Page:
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Pedestrian safety ranges widely in Western cities, but overall situation is grim – and getting worse

Pedestrian street signs
Robert F. Bukaty
AP Images
Pedestrian street signs

A new report paints a disturbing picture of the growing dangers faced by pedestrians across the country – and cities in the West run the gamut.

In 2022, the most recent complete year of federal data, vehicles struck and killed 7,522 pedestrians. That’s the highest figure in four decades, and a 75% jump since 2010, according to the advocacy group Smart Growth America. The group also ranked cities nationwide in terms of pedestrian safety using data from 2018 through 2022. Albuquerque and Tucson were the second and third worst, with 4.8 and 4.2 pedestrian deaths per 100,000 residents respectively over the five-year period. Heidi Simon, Smart Growth’s director of thriving communities, suggested one possible contributing factor in the region.

“As cities developed out West, they were largely being developed after a time when cars were already introduced into the transportation system,” she said. “And so as roads were being designed and built, they were being done so with that as a priority.”

Some metro areas in the West performed relatively well, with Provo-Orem in Utah at the bottom of the list with a rate of 0.7 pedestrian deaths for every 100,000 people, more than seven times the rate of chart-topping Memphis. Boise and Ogden had rates just over 1 death per 100,000.

The report also noted yawning racial disparities in pedestrian deaths, with Native Americans more than four times more likely to be killed than non-Hispanic whites.

“That is just horribly unacceptable,” Simon said. “I will also say that the fatality rate for Native Americans is increasing faster than some of the other populations if you look back at previous reports that we did. And so not only is it a horrendous situation, but it is not getting any better.”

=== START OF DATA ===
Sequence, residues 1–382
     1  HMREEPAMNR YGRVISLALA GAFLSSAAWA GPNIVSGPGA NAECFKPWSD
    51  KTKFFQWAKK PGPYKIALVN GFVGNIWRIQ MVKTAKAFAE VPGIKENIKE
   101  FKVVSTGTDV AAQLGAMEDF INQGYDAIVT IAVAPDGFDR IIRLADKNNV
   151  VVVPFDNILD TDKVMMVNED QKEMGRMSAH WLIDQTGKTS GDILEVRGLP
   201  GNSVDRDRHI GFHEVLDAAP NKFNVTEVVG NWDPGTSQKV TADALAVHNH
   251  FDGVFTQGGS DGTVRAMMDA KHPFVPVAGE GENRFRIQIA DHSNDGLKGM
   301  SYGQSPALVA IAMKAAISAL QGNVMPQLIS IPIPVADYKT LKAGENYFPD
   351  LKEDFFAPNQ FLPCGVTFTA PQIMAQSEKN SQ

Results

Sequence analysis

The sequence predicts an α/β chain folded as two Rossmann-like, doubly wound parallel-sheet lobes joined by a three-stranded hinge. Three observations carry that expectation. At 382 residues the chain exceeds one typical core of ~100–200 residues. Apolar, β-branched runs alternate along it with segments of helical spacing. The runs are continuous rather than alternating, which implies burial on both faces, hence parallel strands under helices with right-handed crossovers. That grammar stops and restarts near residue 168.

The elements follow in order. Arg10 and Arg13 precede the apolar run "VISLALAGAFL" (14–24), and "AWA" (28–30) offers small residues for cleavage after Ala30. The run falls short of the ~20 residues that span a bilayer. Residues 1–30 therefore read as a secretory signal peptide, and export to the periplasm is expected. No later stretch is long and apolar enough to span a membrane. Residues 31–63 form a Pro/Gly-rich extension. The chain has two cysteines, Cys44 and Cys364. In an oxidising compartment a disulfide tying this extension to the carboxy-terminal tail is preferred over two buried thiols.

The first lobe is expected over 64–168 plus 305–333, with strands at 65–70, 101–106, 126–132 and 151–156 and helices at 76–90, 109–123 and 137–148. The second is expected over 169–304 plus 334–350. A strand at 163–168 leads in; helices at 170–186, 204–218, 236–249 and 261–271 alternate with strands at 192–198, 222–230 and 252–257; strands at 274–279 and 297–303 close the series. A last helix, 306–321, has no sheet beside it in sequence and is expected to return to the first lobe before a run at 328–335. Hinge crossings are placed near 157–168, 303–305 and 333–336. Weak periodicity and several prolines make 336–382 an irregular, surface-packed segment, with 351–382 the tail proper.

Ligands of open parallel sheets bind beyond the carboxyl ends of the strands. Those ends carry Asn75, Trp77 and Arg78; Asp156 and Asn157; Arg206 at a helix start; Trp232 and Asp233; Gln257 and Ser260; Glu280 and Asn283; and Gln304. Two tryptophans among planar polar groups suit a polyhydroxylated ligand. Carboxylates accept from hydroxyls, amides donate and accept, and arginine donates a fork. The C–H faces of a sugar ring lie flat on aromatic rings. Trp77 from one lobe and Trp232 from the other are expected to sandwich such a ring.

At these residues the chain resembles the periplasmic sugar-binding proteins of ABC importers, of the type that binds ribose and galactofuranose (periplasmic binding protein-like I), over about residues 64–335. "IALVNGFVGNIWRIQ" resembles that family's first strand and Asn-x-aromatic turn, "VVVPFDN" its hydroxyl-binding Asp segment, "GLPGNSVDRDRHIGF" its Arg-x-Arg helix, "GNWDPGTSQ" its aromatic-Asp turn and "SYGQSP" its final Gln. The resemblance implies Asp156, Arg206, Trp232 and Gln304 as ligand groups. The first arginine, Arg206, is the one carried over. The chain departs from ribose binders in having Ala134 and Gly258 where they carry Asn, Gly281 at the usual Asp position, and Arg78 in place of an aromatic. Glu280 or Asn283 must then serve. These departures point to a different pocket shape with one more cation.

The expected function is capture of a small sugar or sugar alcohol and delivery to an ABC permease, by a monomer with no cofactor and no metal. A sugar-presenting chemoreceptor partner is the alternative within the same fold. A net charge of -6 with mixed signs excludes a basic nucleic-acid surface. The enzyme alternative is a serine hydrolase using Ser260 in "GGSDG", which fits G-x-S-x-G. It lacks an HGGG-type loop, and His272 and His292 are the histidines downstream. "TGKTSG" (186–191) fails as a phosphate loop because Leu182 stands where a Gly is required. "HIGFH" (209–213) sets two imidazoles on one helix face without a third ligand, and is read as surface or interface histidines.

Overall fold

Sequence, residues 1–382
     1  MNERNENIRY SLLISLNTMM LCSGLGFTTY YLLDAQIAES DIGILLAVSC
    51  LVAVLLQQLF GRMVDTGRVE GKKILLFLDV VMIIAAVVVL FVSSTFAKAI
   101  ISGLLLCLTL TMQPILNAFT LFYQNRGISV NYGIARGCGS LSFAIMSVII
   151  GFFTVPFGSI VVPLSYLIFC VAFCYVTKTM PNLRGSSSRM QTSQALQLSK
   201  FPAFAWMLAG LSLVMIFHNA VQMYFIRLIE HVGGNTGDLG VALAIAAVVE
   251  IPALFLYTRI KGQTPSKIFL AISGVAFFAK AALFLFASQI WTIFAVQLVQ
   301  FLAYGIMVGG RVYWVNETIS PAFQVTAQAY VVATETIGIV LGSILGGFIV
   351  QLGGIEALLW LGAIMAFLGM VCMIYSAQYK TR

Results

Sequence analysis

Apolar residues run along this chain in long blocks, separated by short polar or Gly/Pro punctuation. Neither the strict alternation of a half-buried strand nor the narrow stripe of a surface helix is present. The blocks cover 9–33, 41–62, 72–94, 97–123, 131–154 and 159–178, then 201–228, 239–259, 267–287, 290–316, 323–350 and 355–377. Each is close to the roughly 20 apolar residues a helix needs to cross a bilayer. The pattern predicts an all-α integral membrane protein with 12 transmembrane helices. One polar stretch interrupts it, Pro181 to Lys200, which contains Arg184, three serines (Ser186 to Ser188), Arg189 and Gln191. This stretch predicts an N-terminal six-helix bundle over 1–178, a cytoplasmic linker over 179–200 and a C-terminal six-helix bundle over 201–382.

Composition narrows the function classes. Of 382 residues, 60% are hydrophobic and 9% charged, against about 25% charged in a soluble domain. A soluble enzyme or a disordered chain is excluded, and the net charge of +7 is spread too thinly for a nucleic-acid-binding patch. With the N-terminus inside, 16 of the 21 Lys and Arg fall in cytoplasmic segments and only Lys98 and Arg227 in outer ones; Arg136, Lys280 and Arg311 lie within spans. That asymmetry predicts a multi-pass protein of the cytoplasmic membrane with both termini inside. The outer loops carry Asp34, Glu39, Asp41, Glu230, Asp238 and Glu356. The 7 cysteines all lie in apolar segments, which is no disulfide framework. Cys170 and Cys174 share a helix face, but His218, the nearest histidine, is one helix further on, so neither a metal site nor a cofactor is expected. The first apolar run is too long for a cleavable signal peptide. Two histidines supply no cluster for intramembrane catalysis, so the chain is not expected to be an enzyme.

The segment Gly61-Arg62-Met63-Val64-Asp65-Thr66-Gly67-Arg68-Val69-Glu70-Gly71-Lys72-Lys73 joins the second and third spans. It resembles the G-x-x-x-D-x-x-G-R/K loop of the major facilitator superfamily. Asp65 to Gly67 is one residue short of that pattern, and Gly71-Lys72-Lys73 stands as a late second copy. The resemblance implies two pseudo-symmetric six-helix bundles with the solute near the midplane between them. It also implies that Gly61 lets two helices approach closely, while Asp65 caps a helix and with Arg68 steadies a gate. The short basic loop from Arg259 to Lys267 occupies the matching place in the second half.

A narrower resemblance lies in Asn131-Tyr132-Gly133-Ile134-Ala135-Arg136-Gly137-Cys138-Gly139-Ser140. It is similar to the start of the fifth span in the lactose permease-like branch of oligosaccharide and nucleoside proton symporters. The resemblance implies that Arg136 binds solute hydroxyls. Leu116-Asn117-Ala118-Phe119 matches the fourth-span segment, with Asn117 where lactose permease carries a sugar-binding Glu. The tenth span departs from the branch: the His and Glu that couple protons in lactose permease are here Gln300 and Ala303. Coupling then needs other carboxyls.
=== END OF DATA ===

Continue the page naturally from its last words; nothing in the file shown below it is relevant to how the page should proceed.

She suggested several possible factors behind the disparity, such as historic underinvestment in Native communities and a prioritization of those passing through those communities over those who live in them.

She pointed to efforts to reduce vehicle speeds and improve pedestrian crossings, lighting, and pedestrian and bike infrastructure as steps cities can take to make pedestrians and other vulnerable road users safer. She noted that making walking and biking safer can also help reduce greenhouse gas emissions and increase business for local shops.

“It's a great way to get regular physical activity, which improves not only any number of physical health indicators, but also mental well-being as well as social and community engagement,” she added. “You meet your neighbors, you get to be involved in your community, and that helps to reduce the social isolation epidemic that's been described by the Surgeon General.”

This story was produced by the Mountain West News Bureau, a collaboration between Wyoming Public Media, Nevada Public Radio, Boise State Public Radio in Idaho, KUNR in Nevada, KUNC in Colorado and KANW in New Mexico, with support from affiliate stations across the region. Funding for the Mountain West News Bureau is provided in part by the Corporation for Public Broadcasting.

As Boise State Public Radio's Mountain West News Bureau reporter, I try to leverage my past experience as a wildland firefighter to provide listeners with informed coverage of a number of key issues in wildland fire. I’m especially interested in efforts to improve the famously challenging and dangerous working conditions on the fireline.